A dining table surrounded by cartoon-like chairs features in the latest exhibition at New York gallery Chamber, which opened last night without its founder after he was denied entry into the US.

Domestic Appeal is the third of four shows curated by Matylda Krzykowski, co-founder of the Depot Basel design space, as part of Chamber's Collection #3.

Chamber's Collection #3, Show III

The exhibition opened last night at the gallery, located under the High Line in New York's Chelsea, but founder Juan Garcia Mosqueda wasn't present because he was turned away by US border patrol when he arrived in the country from Argentina last week.

The collection is influenced by a 1956 work by British artist Richard Hamilton, titled "Just what is it that makes today's homes so different, so appealing?" – a commentary on the dawn of the consumer age and its effect on daily life.

Chamber's Collection #3, Show III

"In his artwork, Hamilton commented on rapid and fundamental changes in everyday existence and how peiple became drawn into a consumerist lifestyle," Krzykowski said.

"Looking at 'Just what is it that makes today's homes so different, so appealing?' and comparing it with the domestic objects and furniture produced today, one realises that not a lot has changed over the past 60 years."

Chamber's Collection #3, Show III

Similarly to the collaged artwork, the objects in the new exhibition come from a range of different sources.

Krzykowski commissioned a set of international designers to contribute limited editions and one-of-a-kind pieces, which are all unconventional interpretations of household items.

Chamber's Collection #3, Show III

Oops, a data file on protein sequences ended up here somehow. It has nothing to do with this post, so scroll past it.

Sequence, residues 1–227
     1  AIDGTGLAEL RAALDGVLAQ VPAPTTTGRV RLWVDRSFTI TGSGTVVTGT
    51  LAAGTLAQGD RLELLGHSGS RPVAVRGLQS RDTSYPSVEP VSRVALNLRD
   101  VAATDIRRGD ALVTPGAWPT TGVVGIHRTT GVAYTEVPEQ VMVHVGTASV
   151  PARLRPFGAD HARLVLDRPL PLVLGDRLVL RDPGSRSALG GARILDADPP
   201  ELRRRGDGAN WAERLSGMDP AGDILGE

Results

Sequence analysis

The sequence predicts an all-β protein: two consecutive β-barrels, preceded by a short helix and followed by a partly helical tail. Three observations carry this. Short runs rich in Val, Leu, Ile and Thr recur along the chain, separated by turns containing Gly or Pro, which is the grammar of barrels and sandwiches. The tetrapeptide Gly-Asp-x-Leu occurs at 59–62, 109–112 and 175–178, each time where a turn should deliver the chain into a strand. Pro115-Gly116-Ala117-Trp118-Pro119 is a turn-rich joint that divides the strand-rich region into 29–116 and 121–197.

Highlights include a dining table surrounded by a characterful set of chairs, made from cheap materials found in the home like foam and granite-print laminate.

Designed by Brooklyn duo Andy and Dave, the set of colourful pieces that vary in size and shape looks like an ensemble of cartoons.

"Like the irrationally expressive skyscrapers of a contemporary city, the height and personality of the chairs creates an imaginary context for a person to temporarily inhabit," said the gallery.

Chamber's Collection #3, Show III

Swiss designer Bertille Laguet's pair of Cassus items are both formed from aluminium cast into thin sheets, shaped with large, rounded ridges.

One acts as a bench, while the other is a lamp that evokes an image of an iron fireplace when positioned against a wall.

Chamber's Collection #3, Show III

At the front of Chamber's space sit two ceramic furniture designs by Dimitri Bähler, also from Switzerland.

The larger acts as a room divider or bar table and is coloured with a gradient of orange that fades to light yellow, while the lower blue seat has an uneven metallic coating.

Chamber's Collection #3, Show III

An assemblage of wooden boxes and fabric-covered compartments are tied together with rope to form a credenza by Dutch duo Margriet Craens and Lucas Maassen.

Other designers that have contributed equally unusual takes on domestic items include Ferréol Babin, Chen Chen and Kai Williams, Tom Hancocks, Jochen Holz, Carl Emil Jacobsen, James Shaw + Soft Baroque, Florian Milker, Edgar Mosa, and Raw Color.

Chamber's Collection #3, Show III

"The work in Domestic Appeal is not for mass consumption, but rather a means to challenge and conceptualise life and progress," the gallery said.

Domestic Appeal is on show at Chamber, 515 West 23rd Street, until 22 April 2017. The gallery has previously hosted collections curated by Studio Job and

Photography is by Fran Parente.

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